Sunday, March 19, 2000

The myth behind cowboy vampire

'Dark Paradise' coming to Playhouse

The Cincinnati Enquirer

        Myth has to start somewhere, so here's the version I like. I'm talking about how Keith (Thunder Knockin' on the Door) Glover was inspired to write the cowboy vampire tale Dark Paradise and how it came to be next season's Rosenthal New Play Prize winner at Playhouse in the Park.

        Not so long ago in Manhattan, Mr. Glover and Playhouse producing artistic director Ed Stern took each other to the movies. Mr. Glover's half of the double feature was John Carpenter's Vampires.

        “Wouldn't it be great to have a play like that,” marvelled Mr. Glover, “but how can we do it?

        “Because what you don't want is just a quickie rip-off of whatever. You want to try new techniques and say something. You want something a little deeper to be there for people who are looking for it.” Fable-loving Mr. Glover adds, “Fairy tales always have life lessons — but you have to work hard to find them.”

        They started talking. And talking. Finally Mr. Stern said, “If you're crazy enough to write it, I'm crazy enough to produce it.”

        I am not saying any of this is true, I'm just telling you the way Mr. Glover told it to me — and we know he's a man who loves a good story.

        Speaking of his good stories, Thunder finally does appear to be heading for New York and off-Broadway's Minetta Lane Theater in May, as soon as current tenant Fuddy Meers exits. The plan will be to take the show to Stamford, Conn., for a warm-up week starting April 25 then “hopefully to New York two weeks later.”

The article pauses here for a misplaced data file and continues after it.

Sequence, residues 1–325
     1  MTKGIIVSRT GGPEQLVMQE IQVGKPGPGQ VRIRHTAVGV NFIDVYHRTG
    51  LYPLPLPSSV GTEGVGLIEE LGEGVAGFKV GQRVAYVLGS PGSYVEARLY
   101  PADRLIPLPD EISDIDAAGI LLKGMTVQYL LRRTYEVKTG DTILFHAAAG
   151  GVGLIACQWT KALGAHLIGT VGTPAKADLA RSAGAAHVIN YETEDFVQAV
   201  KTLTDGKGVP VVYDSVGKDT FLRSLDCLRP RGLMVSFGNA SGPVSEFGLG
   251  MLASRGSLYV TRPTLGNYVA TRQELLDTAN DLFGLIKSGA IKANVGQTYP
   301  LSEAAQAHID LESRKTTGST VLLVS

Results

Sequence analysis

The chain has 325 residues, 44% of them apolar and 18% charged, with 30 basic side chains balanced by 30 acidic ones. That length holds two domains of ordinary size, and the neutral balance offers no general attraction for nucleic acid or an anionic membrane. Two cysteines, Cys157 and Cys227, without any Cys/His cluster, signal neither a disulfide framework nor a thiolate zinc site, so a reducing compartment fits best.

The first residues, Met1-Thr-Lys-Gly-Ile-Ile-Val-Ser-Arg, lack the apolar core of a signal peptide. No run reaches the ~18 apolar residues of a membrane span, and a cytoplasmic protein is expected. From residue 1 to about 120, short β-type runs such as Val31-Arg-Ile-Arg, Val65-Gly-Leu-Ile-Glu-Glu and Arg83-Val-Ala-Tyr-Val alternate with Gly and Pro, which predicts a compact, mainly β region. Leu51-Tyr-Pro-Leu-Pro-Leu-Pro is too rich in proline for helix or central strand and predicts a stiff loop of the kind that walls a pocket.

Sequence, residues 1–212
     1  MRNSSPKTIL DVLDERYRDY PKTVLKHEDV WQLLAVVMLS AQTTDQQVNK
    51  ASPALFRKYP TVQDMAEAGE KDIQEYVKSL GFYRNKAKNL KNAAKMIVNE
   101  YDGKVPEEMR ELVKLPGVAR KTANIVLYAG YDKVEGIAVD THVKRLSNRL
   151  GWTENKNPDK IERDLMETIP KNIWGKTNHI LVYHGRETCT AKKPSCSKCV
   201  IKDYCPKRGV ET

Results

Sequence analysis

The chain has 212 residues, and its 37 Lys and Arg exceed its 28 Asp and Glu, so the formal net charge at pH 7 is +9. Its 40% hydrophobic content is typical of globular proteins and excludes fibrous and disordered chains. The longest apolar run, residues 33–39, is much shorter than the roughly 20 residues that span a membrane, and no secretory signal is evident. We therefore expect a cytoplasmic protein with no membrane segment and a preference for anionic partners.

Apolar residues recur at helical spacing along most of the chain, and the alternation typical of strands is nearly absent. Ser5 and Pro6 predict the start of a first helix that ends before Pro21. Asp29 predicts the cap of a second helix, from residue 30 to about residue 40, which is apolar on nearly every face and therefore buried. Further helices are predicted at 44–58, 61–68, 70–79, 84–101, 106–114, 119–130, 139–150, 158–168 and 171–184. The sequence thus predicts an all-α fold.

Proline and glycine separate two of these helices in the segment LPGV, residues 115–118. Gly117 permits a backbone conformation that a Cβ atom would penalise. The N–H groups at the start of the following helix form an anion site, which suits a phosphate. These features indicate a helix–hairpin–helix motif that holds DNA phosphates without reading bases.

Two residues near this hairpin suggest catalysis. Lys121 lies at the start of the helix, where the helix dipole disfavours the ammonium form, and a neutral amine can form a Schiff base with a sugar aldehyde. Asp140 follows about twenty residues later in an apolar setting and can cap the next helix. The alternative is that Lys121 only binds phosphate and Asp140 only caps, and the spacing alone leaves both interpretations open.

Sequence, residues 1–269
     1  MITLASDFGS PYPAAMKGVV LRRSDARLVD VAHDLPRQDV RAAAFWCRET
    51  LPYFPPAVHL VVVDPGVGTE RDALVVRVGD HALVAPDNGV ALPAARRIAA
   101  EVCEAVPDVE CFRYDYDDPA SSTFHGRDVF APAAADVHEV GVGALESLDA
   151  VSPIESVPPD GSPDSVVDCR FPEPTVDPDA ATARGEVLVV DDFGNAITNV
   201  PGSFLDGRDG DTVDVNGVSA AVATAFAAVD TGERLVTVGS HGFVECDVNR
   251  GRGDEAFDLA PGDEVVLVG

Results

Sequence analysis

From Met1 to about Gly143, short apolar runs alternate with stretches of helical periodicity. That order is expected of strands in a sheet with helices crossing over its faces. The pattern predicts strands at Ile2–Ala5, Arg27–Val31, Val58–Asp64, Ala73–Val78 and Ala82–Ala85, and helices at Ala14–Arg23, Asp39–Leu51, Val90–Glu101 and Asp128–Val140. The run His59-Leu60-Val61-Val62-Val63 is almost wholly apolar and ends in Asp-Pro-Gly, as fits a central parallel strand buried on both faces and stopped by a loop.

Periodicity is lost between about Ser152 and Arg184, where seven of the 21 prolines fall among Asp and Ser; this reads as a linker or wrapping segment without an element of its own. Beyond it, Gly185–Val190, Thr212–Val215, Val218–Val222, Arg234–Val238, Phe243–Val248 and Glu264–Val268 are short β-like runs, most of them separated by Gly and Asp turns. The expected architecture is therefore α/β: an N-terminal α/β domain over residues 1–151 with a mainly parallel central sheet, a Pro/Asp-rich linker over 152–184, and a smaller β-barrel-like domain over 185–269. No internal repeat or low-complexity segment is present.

There are some new songs by multiple Grammy-winning Keb Mo, and this time the musical team does plan to have a CD released in time for opening.

        Mr. Glover has kept himself well occupied as New York went on and off the burner for Thunder.

        He's thrilled to be working with Charles (Annie) Strauss on a musical update of Clifford Odets' Golden Boy. “I'm so blessed to be able to work with men and women who have walked ahead of me,” he says.

        What Odets was writing about in the '30s, says Mr. Glover, “is even more immediate now — the corruption of youth, the reclaiming of a life.” Potential producers are waiting with interest for the official first draft.

        NEW THEATER: Arts in Middletown's Michael Coyan is masterminding a new professional theater for Warren-Butler counties and beyond.

        Actors Repertory Theatre will debut in October at Middletown's Masonic Temple (in the middle of a spiffing up). The season will include Into the Woods, Private Lives, holiday show Christmas with the Boys: 1944, Twelfth Night, Long Day's Journey into Night and The Real Inspector Hound.

        There also will be a second stage series “for die-hard theatergoers,” titles to be announced. He plans to keep the second stage “way open,” the better to “create a creative family.”

        Mr. Coyan recounts a recent Cincinnati theater adventure to prove his point about the need for professional theater beyond I-275.

        “I came down with some friends to see Cincinnati Shakespeare's Taming of the Shrew — which we loved. But we hit a traffic snarl on I-75, didn't have time for dinner, and in fact the curtain was held for late-comers. We didn't get out till 11:35 and we hadn't ever had dinner.” He sighs, eloquently.

        “People from Oxford, Springboro, Lebanon, West Chester don't want to come downtown all the time.”

        Mr. Coyan figures Actors Rep could pull from Clinton and Preble as well as Butler and Warren, “and from southern Montgomery and northern Hamilton” counties.

        Actors Rep is a long way from an Equity contract, but that's fine with Mr. Coyan. He's hoping to recruit talented graduates from the “22 colleges and universities” sprinkled throughout the region.

        “They want to work, but there is no place to work. The fact is Ensemble, Cincinnati Shakespeare, Human Race can only hire so many people.” He'd like to keep them in the neighborhood for a while, before they try their wings in bigger towns.